Answer to Question #166229 in Regional geography for michael roldan

Question #166229

How can water as a resource, in fact become a scarce (non-renewable) resource, and not be so ‘renewable’ as we might think when we think of the ‘renewable’ water cycle?  

Expert's answer

Water is not replenished like most renewable resources and instead—reused. If we were constantly losing water, then the speed at which water forms wouldn't be very sustainable, and water would then be considered non-renewable.


Water has been considered an exploitable and renewable resource from the beginning of civilization, but we have been creating limits to the water supply and reducing the natural renewal processes for even longer. We are now facing growing shortages of water for drinking, crop irrigation and sanitation, such that hundreds of millions of people are constrained in non-essential water uses like bathing and landscaping.

The obvious mechanism of water recycling is rain. Places which are habitable for hunter-gatherers are where monthly rain falls throughout the seasons are enough to drink, wash, and grow plants for food. Humans have been interfering with rain for 40,000 years, and this trend is now rapidly accelerating, with areas of continuing drought spreading around the world.

The primary regulation of rainfall is forests. There is a massive flow of water up into the atmosphere from evaporation from rivers, lakes, moist soil and plant metabolism, which supplies the moisture, but forests make rain by a combination of transpiration, which raises the humidity; reducing the temperature by both evaporation and converting solar energy to chemical energy instead of heat; and emitting microscopic organic particles which nucleate droplets to start rain storms. This is the first way that humans disrupted the renewal of water. Humans annihilated half of all forests, 3 trillion trees, for firewood, cropland, grazing land, buildings and roads.

This has caused permanent droughts in many places where civilization started - North and South Africa, Middle East, Central Asia, and the US Southwest. It even caused permanent drought in Australia when humans arriving with stone tipped weapons and fire slashed and burned the great central swamp and extincted the man-eating marsupial cats and bear.

Summary why water is becoming non-renewable

  1. Increase in demand: As population grows, there is more overall water consumption. The rise is enhanced by the increase in life standards.
  2. Concentration of demand: In addition to population growth, there is population densification. Due to preferential migration to large cities or already densely populated areas.
  3. Reduction of natural reservoirs capacity:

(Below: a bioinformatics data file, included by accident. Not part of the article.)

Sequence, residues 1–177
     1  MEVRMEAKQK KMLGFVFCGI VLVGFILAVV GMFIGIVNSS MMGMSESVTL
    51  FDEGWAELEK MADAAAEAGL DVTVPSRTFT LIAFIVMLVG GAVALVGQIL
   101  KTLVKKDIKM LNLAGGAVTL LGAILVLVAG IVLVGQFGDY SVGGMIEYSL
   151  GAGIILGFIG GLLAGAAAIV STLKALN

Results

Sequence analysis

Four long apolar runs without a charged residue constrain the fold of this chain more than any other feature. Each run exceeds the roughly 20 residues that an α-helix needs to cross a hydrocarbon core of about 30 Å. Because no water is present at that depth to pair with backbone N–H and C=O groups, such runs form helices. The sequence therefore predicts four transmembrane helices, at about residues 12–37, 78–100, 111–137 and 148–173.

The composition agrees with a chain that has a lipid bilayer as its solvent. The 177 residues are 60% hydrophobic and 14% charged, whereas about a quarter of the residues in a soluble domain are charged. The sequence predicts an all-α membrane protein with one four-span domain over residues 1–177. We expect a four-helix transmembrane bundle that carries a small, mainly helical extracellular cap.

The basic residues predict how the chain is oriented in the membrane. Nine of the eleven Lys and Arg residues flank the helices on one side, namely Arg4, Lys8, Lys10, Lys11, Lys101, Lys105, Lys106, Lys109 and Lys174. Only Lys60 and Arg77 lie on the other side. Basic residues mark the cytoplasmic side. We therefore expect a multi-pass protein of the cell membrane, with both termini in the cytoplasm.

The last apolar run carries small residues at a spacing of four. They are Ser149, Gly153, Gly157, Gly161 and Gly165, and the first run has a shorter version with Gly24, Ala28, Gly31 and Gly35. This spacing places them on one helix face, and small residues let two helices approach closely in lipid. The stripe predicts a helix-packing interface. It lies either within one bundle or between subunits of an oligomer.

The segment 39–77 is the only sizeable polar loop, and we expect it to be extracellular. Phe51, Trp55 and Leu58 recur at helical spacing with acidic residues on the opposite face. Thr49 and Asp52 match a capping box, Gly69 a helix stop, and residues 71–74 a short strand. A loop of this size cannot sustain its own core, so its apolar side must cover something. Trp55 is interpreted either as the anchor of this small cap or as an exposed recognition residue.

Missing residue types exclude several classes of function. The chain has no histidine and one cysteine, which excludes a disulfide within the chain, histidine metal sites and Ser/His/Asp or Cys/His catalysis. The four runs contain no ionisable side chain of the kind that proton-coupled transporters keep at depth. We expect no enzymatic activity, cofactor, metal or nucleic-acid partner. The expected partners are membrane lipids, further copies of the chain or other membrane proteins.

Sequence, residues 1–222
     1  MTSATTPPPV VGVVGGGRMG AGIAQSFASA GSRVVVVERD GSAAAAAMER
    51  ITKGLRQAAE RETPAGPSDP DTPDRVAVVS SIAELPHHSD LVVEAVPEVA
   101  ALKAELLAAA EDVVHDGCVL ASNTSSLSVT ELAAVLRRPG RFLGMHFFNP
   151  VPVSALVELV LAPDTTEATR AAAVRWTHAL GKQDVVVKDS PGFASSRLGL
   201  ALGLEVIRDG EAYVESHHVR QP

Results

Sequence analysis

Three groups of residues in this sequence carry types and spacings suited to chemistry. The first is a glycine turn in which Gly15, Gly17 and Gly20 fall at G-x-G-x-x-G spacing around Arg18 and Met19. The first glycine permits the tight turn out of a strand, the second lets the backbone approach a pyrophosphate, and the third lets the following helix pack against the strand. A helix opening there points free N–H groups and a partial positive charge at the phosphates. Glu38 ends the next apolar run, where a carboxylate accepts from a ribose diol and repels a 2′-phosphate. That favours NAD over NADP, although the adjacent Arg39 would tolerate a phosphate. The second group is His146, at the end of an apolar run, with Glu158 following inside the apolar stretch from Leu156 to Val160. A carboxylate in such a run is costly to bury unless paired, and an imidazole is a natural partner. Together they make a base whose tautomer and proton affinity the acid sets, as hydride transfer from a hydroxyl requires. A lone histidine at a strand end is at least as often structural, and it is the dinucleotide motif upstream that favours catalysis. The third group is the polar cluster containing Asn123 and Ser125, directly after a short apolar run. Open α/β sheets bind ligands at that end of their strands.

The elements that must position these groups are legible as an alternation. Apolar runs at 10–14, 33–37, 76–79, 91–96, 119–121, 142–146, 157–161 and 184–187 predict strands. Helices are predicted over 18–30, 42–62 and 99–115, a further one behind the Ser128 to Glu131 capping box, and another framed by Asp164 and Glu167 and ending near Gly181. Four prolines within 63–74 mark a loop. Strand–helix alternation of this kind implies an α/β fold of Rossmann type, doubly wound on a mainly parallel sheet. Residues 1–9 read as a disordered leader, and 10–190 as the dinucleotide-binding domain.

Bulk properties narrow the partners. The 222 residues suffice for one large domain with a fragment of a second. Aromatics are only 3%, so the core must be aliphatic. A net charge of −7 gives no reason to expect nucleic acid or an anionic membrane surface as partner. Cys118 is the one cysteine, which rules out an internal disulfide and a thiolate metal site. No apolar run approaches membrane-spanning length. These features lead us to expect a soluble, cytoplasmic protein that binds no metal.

• Snowpack: Snow is a natural seasonal reservoir that stores water in the winter and releases it on the summer. Northern Hemisphere spring snow cover has continued to decrease in extent (high confidence).
  • Glaciers: Mountain glaciers can store water not only from the winter to release in summer. But from rainy years or decades to release it on the dryer years. As mountain glaciers retreat worldwide, the storage capacity is reduced, making the dry months even dryer.
  1. Reduction of reservoirs levels: Many lakes and specially groundwater reservoirs are been drain at a rate faster than the recharge rate. Therefore, they won't be able to sustain current water usage rates for too long.
  2. Depletion of fossil water reservoirs: In the same fashion that a oil well can be used up and it will never "refill". Some groundwater reservoirs are just relics of past climates and do not recharge. Therefore, once used up, the will be extinguished forever.
  3. Climate change: Over millenia, population and specially food production have concentrated in areas with reliable water availability (along rivers for example). Climate change can redistribute rainfall and reduce availability in some areas and increase it in others. And due to the fact that is difficult and costly to relocate the population, it is likely that there will some areas with more population than what can be sustained with the available water resources.
  4. Reduced water quality: it is not often the case that people drink the water straight out of rivers. Usually, filtering and cleaning is required. And as the pollution levels increase on rivers and lakes (due to industry, sewage, etc.). It is becoming more expensive and difficult to actually use the available water for agriculture and human consumption.


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